The book sounds fairly optimistic.
It is in the end, but it’s definitely about death drive and the search for the ultimate transgression of life, and the sexuality intertwined with it. The main character says that when a surfer finds the most extraordinary wave, that’s the only time he has lived; and you endlessly search for them to the point of killing yourself. You expect that you might lose your life but it’s worth it: that’s the ideology behind it.
Philip Roth’s The Humbling.
It’s not the best of Roth’s novels but it’s nonetheless important. The main character, Simon, is an actor who has lost his spark and can’t perform any more. He loses his fame, and his wife, and ends up in a psychiatric hospital. He becomes an ageing loner, and so the first part appears just a sad debate over a lost life – where the person’s still alive. Then he finds a young lover who used to be a lesbian and they start a passionate affair which ends badly. Problems arise because the lover is the daughter of his friends from youth, and then another young woman emerges whom they first use in a threesome and, basically, you then have an endless series of losses again.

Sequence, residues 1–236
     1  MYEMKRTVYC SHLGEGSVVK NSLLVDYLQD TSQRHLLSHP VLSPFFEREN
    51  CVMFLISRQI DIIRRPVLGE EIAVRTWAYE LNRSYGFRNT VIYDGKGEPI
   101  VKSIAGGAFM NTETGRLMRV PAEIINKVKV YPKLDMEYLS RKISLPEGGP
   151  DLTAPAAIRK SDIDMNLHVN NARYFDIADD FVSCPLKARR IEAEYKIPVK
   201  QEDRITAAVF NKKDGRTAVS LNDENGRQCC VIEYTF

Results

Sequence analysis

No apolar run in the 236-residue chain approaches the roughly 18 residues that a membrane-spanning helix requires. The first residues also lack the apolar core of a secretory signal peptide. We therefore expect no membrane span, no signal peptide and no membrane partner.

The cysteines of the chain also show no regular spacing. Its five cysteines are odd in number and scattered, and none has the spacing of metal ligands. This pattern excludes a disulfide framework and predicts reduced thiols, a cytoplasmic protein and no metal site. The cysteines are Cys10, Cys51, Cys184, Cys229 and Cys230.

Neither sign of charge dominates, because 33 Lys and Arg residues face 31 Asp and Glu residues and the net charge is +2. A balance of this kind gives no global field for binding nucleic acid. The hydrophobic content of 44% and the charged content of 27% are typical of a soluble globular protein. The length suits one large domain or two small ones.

So it’s about ageing and I think why it’s important is because we see the capacity to hold on longer. It is possible with the help of medicine to very much prolong life, but the tragedy is that desire remains: for satisfaction – especially sexual and creative satisfaction. What Philip Roth has been describing now for some time is how painful it is when you are old and you don’t have those moments in life which you perceived as the ultimate satisfaction: especially moments of big love, or sexual relationship.
“It is possible with the help of medicine to very much prolong life, but the tragedy is that desire remains.”
The American ideology for some has been that it’s never too late for a new start, which goes against how I was raised: there wasn’t that possibility of endless self-invention in a new way. This guy has a promise maybe to be able to act again, and get help with self-esteem, and then the promise of a second start – of a big love, and both promises don’t come true.
Self-reinvention is a classic ideal, though – isn’t that why James Bond is so popular? Because his identity is mutable, he’s always symbolically cheating death?